Eye of the Guide


Tom Travis - Jan 05, 2015

Sysadmin Note
Part 16 can be found here

Saltwater Gamefish of the Sebastian Area

In this installment we will be covering sheepshead, pompano and gray (mangrove) snapper. A couple of years ago I had some friends from Georgia fishing with me and the gal hooked and land her first sheepshead on a fly and was astounded, telling that she had been told that you could not catch sheepshead on a fly. There is a lot of misinformation out there and I hope these chronicles help dispel some of this bad information, while explaining how much fun these species are for the saltwater fly angler. Another friend came to fish with me and it was his first trip to the salt and at the end of the trip he told me that he never dreamed that the fishing could be so much fun and that so many species could be caught. Yet you seldom hear or read about the fun you can have with over species besides the glamorous species you read about in the mainstream magazines.



Sheepshead [Archosargus probatocelphalus], are also referred to as convict fish, zebra fish and Southern sheep. They are a member of the Sparidae Family which includes porgy's and sea bream.

They are found along the coastal waters from Canada to Brazil and are primarily found inshore around dock pilings, rocky areas, jetties, mangrove roots and piers besides being found in tidal creeks and brackish water rivers.

The teeth of the sheepshead are well known and more than one angler has had their hooks bitten in half by the well defined incisors and strong jaws of this fish. They also have molars and grinders which are needed for crushing shellfish which is a major part of their diet.

Sheepshead will run between one to eight pounds with lengths of fourteen to eighteen inches on average but they can attain weights of twenty two pound and thirty inches and have a lifespan of twenty years.

Sheepshead are omnivorous feeding on invertebrates, small vertebrates, some plant material, blue crabs, oysters, clams, shrimp, squid, octopus, small eels, worms and minnows. Sheepshead tend to be a little spooky so they should be approached carefully and the flies should be cast ahead of the fish and moved when the fish come into range of the imitation.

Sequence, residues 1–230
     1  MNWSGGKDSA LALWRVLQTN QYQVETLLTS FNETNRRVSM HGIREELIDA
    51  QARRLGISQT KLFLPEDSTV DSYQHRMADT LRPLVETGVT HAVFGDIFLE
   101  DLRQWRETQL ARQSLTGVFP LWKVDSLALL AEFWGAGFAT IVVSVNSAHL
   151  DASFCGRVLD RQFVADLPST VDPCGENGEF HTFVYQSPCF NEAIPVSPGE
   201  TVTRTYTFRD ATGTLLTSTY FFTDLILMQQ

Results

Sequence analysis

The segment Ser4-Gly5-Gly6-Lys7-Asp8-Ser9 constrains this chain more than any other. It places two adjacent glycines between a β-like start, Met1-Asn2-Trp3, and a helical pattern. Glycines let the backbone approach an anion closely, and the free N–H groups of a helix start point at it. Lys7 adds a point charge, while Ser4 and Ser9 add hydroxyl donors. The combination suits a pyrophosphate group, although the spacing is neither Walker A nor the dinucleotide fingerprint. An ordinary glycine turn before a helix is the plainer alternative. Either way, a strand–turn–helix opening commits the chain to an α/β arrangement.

Primarily sheepshead are early spring spawners, during the spawning cycle they move offshore and little is actually known about the spawning except the young end up in the inshore area's including the lagoons, estuaries, tidal creeks and brackish water rivers. Sheepshead are found at times in loose gatherings of four to six but the adults are primarily solitary fish.

These fish are favorite target of Bull Sharks, the anglers also like this fish on the table due to its fine white flesh and mild flavor. If you are targeting Sheepshead remember to use stout hooks!

Florida Pompano

Pompano [Trachinotus carolinus], they don't have another name but they can be confused with jack's and permit which are in fact cousins.

They prefer saltwater and are seldom found in brackish water but can be found in the surf flat, along sandy bottoms, around oyster beds and are found in the bays, lagoons and estuaries along the coastline of Florida. They do migrate up and down the coast and this is triggered by water temperature changes. They are also found around reef and caught off the oil rigs in the Gulf of Mexico they can live in water temperatures ranging from 62.6 to 89.6 degrees with the preferred zone being from 82.4 to 89.6 this was determine by researcher getting one drunk enough to spill the beans, so to speak. When the water temperatures drop below 53.96 or rises above 89.6 they will move into deeper water for relief.